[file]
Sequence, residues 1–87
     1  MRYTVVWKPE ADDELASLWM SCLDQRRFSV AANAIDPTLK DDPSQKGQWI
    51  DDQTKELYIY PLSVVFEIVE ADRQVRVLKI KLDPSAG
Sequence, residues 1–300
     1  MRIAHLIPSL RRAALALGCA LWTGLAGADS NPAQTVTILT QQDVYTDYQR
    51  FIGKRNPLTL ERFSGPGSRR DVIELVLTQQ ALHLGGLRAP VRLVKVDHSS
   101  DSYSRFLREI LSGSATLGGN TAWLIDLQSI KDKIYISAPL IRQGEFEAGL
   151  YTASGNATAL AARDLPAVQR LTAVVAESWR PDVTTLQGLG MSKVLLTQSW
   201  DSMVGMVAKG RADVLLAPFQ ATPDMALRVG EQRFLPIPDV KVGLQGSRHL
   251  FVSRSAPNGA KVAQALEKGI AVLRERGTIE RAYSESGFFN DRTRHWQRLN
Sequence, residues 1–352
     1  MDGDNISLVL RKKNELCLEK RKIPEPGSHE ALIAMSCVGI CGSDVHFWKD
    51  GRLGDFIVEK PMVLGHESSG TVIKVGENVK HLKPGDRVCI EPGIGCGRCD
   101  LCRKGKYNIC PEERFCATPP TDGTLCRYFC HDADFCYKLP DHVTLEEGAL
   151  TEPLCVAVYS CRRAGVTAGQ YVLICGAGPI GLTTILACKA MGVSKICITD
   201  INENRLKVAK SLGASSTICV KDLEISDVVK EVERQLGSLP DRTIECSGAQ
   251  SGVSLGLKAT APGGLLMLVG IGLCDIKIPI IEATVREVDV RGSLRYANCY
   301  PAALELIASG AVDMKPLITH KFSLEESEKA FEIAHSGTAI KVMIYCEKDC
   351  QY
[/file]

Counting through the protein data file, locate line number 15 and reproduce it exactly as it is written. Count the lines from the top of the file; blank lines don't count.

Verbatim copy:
   151  TEPLCVAVYS CRRAGVTAGQ YVLICGAGPI GLTTILACKA MGVSKICITD